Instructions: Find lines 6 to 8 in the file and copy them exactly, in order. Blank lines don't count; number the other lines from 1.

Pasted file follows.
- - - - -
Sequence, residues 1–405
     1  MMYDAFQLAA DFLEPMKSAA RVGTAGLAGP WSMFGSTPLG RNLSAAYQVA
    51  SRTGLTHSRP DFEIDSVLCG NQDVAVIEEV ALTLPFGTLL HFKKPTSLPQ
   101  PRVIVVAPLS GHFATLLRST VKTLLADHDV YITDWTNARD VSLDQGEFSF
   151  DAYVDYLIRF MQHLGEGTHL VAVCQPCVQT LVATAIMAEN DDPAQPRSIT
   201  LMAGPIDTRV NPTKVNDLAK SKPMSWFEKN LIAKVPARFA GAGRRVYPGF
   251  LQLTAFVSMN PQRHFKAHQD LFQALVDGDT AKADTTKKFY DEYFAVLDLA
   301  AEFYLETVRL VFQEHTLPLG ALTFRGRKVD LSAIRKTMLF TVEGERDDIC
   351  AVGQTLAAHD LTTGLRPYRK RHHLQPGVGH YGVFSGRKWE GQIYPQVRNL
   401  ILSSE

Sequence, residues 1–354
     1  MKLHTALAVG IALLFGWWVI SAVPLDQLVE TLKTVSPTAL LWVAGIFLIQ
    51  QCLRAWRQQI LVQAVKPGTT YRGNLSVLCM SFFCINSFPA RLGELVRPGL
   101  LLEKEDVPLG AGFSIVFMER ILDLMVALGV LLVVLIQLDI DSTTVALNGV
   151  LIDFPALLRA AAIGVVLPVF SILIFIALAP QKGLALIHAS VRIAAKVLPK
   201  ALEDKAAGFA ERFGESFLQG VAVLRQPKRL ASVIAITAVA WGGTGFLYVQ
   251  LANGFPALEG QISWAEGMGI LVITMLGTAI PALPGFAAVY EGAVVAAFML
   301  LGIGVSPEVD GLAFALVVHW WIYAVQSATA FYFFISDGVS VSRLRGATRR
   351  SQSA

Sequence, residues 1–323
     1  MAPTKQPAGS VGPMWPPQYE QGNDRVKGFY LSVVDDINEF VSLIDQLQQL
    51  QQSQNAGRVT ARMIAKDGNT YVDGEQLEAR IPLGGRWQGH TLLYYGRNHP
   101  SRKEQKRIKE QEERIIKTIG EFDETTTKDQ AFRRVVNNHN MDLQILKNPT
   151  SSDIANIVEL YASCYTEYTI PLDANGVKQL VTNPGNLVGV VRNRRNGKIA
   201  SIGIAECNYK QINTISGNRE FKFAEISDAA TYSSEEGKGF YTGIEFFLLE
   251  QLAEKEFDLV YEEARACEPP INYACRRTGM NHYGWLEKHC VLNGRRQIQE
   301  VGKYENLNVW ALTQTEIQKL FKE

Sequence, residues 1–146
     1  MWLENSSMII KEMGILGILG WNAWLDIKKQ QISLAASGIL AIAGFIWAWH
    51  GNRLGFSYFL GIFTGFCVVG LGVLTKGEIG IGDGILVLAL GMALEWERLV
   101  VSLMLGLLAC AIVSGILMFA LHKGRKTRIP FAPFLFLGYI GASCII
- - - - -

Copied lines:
   201  LMAGPIDTRV NPTKVNDLAK SKPMSWFEKN LIAKVPARFA GAGRRVYPGF
   251  LQLTAFVSMN PQRHFKAHQD LFQALVDGDT AKADTTKKFY DEYFAVLDLA
   301  AEFYLETVRL VFQEHTLPLG ALTFRGRKVD LSAIRKTMLF TVEGERDDIC